I choked up, too — for the decent and honorable leadership, now missing, that reflects the true greatness of America.
• • •
Jon Meacham, historian and biographer of George Herbert Walker Bush, spoke at his memorial service on Wednesday and said, “He stood in the breach of the Cold War against totalitarianism. He stood in the breach in Washington against unthinking partisanship. On his watch, a wall fell in Berlin, a dictator’s aggression did not stand.”
Meacham called Bush, “America’s last, great soldier-statesman, a 20th century founding father,” in the tradition of U.S. presidents who believed in causes larger than themselves.
“An imperfect man, he left us a more perfect union.”
When listening to some clips of President Bush today on a radio retrospective, I heard again the following excerpt from his 1991 State of the Union speech, and tears came to my eyes. Not only was I inspired once more by the simple and uniquely American conservative yet communitarian vision he eloquently communicated, but my heart also grieved deeply, knowing that those who claim to lead us today rarely inspire us like this.
Why have our leaders abandoned prioritizing and proclaiming these ideals? Where is the appeal to the “better angels of our nature?” This call to live and serve one another together in the light of a greater purpose? This call for the strong to raise up the weak and give them the opportunity to share in America’s dreams?
Drink in these remarkable words again…
If anyone tells you America’s best days are behind her, they’re looking the wrong way.
Tonight, I come before this house, and the American people, with an appeal for renewal. This is not merely a call for new government initiatives, it is a call for new initiative in government, in our communities, and from every American – to prepare for the next American century.
America has always led by example. So who among us will set this example? Which of our citizens will lead us in this next American century? Everyone who steps forward today, to get one addict off drugs; to convince one troubled teen-ager not to give up on life; to comfort one AIDS patient; to help one hungry child.
We have within our reach the promise of renewed America. We can find meaning and reward by serving some purpose higher than ourselves – a shining purpose, the illumination of a thousand points of light. It is expressed by all who know the irresistible force of a child’s hand, of a friend who stands by you and stays there – a volunteer’s generous gesture, an idea that is simply right.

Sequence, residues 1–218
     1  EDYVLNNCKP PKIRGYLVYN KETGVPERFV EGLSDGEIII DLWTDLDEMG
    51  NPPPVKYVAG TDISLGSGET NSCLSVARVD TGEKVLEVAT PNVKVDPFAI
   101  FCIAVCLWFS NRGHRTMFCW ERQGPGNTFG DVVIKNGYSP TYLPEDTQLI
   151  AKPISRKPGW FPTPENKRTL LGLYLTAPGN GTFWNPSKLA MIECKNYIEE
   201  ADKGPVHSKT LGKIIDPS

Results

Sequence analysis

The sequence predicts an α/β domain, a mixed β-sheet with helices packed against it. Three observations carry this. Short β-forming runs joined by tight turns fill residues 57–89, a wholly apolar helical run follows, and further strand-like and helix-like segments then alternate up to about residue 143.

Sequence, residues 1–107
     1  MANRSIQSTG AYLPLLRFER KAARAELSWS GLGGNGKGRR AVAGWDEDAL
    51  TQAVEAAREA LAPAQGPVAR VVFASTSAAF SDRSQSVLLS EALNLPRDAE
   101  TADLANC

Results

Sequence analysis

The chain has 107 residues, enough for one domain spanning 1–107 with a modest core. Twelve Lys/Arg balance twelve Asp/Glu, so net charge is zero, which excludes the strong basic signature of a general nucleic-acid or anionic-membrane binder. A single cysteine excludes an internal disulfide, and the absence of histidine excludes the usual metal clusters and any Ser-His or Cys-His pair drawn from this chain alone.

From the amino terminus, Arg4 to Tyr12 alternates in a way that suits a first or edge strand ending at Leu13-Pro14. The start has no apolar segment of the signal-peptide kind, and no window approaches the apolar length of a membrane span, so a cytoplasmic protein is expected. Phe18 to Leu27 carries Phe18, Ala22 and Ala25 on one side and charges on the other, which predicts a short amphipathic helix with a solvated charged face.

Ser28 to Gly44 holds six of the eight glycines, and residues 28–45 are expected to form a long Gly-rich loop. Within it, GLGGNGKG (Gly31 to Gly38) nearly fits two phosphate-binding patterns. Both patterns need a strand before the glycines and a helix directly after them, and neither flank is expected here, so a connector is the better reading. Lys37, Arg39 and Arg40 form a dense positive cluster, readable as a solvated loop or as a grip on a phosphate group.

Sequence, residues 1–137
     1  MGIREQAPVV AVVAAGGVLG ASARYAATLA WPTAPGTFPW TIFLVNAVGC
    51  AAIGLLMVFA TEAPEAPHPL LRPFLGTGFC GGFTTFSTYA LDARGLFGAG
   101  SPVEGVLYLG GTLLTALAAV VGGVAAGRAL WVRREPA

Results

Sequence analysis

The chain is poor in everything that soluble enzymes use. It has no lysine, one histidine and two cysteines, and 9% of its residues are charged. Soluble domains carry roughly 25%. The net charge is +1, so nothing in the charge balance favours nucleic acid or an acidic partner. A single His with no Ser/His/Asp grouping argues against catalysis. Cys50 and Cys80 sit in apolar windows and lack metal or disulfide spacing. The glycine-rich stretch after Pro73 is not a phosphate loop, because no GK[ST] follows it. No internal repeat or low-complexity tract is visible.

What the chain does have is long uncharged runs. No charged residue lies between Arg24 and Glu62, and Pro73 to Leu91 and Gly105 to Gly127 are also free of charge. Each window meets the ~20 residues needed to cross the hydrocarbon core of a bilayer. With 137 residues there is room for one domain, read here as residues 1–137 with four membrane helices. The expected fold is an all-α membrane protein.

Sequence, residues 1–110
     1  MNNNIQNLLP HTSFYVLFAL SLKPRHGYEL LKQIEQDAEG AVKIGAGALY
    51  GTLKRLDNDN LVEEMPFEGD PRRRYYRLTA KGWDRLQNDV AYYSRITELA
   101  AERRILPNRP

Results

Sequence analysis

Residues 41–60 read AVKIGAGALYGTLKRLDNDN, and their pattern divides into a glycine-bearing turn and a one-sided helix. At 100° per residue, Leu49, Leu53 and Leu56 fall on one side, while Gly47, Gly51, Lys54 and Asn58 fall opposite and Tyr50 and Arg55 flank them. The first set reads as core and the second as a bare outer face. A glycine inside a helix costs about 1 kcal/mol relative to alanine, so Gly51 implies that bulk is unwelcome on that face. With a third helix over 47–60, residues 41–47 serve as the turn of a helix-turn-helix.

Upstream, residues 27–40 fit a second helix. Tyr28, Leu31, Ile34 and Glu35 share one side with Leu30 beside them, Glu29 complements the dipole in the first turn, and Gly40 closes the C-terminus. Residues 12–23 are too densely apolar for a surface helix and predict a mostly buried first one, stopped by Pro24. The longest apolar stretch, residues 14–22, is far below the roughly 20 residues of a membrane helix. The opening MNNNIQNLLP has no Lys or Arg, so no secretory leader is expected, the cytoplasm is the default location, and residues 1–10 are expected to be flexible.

The problems before us may be different, but the key to solving them remains the same: it is the individual – the individual who steps forward. And the state of our Union is the union of each of us, one to the other: the sum of our friendships, marriages, families and communities.
We all have something to give. So if you know how to read, find someone who can’t. If you’ve got a hammer, find a nail. If you’re not hungry, not lonely, not in trouble – seek out someone who is.
Join the community of conscience. Do the hard work of freedom. That will define the state of our Union.
• President George H.W. Bush, 1991
Stunning, in the light of today’s debased political atmosphere. The contrast is so stark it should be obvious to anyone paying attention.
I did not always agree with President Bush, and I would even say he is responsible for some bad, even shameful things (Willie Horton, anyone?), but the basic decency and humanity of this man cannot be called into questio. In character, experience, genuine patriotism, statesmanship, and demeanor, he was everything we are lacking now in a POTUS and in other governmental officials.
This is the moderation, the gentle good humor, the generosity and kindness balanced with conviction and battle-tested toughness that we so need today. This is the wisdom of someone grounded in family, community, and public service that we lack in so many of our current so-called “leaders.” Unfortunately, his friend Alan Simpson was correct when he quipped, “Those who travel the high road of humility in Washington, D.C., are not bothered by heavy traffic.”
Every sentence eulogizing President Bush at his memorial service was a stinging rebuke to today’s politicians, most of whom are unworthy to be mentioned in the same sentence as GHWB.
His son George W. paid him the highest tribute: “To us, his was the brightest of a thousand points of light.”
Oh, and by the way, today is December 7, when we remember Pearl Harbor.
Will anyone step up in the years to come like Mr. Bush and his peers did during and after that horrific conflict, earning the right to be called “the greatest generation?”
You want to “make America great?”
Give us more people like this.